Following a second Public Hearing that drew far less participation than the one over cannabis, the Enfield Board Wednesday hit the pause button on any new solar farms. The Board adopted a six-month moratorium on solar farm applications in an effort to squeeze more town revenue out of future commercial solar applicants.
Board members pushed for the moratorium after the Tompkins County Industrial Development Agency (IDA) last summer insisted on a Payment in Lieu of Tax (PILOT) Agreement for Applegate Road’s Norbut Solar Farms that denied Enfield the opportunity to secure a separate Host Community Agreement that would have supplemented PILOT payments with separate compensation to the Town. Three taxing authorities split the PILOT revenue, with Enfield getting only about 28 per cent.
Sue Webster, one of the solar hearing’s few commenters, spent less time talking about solar farm compensation than about solar farm appearance. Webster voiced concern that commercial solar arrays gobble up “huge plots of agricultural land.”
After the hearing, the Enfield Board, with little discussion, adopted the short-term solar moratorium unanimously.
In other action:
- The Town Board took its first major step toward building its long-talked about salt storage building behind the highway barn. It authorized the Town request bids for the project, setting specifications that call for a wooden building with a metal roof, not an arched canvas covering like some towns have built. The building, according to the Town’s specs, must cover 9,000 tons of sand and salt and cost no more than $700.000. The Board set February 28th for the submission of bids.
- And the Board’ majority deflected further action on Councilperson Lynch’s initiative, advanced last month, that would have Enfield join Seneca County in seeking a State Attorney General’s investigation into violent actions during February of last year amid a leadership dispute within the Cayuga Indian Nation.
In November, the Enfield Board asked the Federal Bureau of Indian Affairs (BIA) to undertake “a thorough investigation into [those] recent affairs,” and reassess “the competence and effectiveness” of Clint Halftown as the BIA’s designated leader of the Cayugas.
In arguing for the A.G.’s intervention, Lynch maintained Wednesday that Seneca County authorities should have taken a firmer stance and intervened last year to block Halftown’s destruction of buildings on Cayuga Nation land. After asking Enfield activist representatives whether indigenous citizens can vote for President and Governor, and being told that they could, Lynch argued that tribal leaders should also subject themselves to New York’s criminal laws.
The activists and some Board members disagreed, contending the Cayugas remain sovereign and subject only to federal and tribal law. They said Seneca County’s police and District Attorney may have had no choice but to stand aside. Lynch insisted the matter deserved the A.G.’s second opinion. But the Town Board informally agreed to postpone its further involvement until Attorney General Leticia James responds to Seneca County’s request that she intervene.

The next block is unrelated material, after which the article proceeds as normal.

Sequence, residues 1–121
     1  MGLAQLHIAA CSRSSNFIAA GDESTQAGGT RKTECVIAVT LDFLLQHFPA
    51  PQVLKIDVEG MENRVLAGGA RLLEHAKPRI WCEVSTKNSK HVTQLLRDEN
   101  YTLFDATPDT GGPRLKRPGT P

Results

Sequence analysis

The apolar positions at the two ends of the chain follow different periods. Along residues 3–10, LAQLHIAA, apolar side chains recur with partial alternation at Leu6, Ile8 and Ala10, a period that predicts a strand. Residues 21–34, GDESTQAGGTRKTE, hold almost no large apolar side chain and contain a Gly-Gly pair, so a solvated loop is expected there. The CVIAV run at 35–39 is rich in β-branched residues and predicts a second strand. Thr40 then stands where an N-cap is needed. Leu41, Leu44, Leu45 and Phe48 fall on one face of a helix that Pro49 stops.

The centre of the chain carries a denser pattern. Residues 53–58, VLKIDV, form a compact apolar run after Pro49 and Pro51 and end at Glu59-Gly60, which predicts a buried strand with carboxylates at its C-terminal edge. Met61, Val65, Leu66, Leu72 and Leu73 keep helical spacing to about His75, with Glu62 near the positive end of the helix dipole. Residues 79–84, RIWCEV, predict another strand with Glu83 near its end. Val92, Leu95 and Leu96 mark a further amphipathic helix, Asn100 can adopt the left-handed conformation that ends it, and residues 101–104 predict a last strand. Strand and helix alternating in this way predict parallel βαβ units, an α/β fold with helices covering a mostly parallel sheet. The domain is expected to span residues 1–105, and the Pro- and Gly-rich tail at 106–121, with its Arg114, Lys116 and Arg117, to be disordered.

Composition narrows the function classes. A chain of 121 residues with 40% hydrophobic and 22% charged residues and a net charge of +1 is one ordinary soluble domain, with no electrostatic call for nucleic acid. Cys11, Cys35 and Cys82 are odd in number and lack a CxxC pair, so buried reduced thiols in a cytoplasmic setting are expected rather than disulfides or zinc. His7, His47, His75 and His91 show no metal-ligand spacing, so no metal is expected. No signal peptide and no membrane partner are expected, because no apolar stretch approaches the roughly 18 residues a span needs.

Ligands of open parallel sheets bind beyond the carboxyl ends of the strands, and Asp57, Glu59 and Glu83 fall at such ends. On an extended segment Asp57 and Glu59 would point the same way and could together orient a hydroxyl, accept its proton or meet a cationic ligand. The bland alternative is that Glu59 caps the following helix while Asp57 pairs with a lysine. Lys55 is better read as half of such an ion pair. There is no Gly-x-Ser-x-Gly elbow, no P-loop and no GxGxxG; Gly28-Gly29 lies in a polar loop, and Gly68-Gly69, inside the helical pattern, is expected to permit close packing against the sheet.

First-round search for Tompkins Administrator comes up dry
Molino replacement pushed into ‘22
by Robert Lynch; December 2, 2021
Sometimes offering big bucks for a new hire doesn’t do the trick.
Tompkins County tried that this year in its search for former County Administrator Jason Molino’s replacement. But the enticement’s failed to secure an acceptable candidate. Molino’s interim successor, Deputy County Administrator Lisa Holmes, broke the news to the Tompkins County Council of Governments (TCCOG), Thursday afternoon (Dec. 2nd).
“The Legislature together with our H.R. (Human Resources) Department conducted a search, a nationwide search, which did not result in a candidate to bring forward,” Holmes said in reply to Ithaca Town Supervisor Rod Howe’s inquiry as to the executive search’s status. “So the search effort was then paused for the remainder of 2021.” Holmes told Howe. “When a new Legislature is in place in 2022, they will resume the process and try again.”
By his reaction, Howe likely already knew what Holmes had told him. But many others at the meeting (including this writer, Enfield’s TCCOG representative) were blindsided. Holmes’ revelation served as the first public disclosure of the search’s dead-end; an executive recruitment that’s taken place behind closed doors and purportedly been aided by a high-priced national head-hunter.
To date, and as of this writing, the County’s Communications Department had not yet posted word of the recruitment’s failure on the County’s website.
Former three-year County Administrator Jason Molino resigned in May, departing to take a municipal administrative job in Livingston County. He cited family reasons for what some viewed as a lateral professional move. Molino was well-liked by County legislators, top-level staff, and municipal officials. But upon his departure, a committee of the Legislature pumped up the pay of Molino’s potential successor as members concluded they’d need to offer more money to get someone as good as the guy who’d left.
In mid-July, the Legislature’s Budget, Capital and Personnel Committee set a potential salary for the new hire at $160,000, an 18.5 per cent increase over what Molino had been making. It’s also a salary higher than that of any other County Administrator or elected County Executive in upstate New York. (See story posted on this website, July 19th; archived.)
As reported in July, the target salary stood in line with that of the elected County Executive in Westchester County; a county with nine times as many people as Tompkins.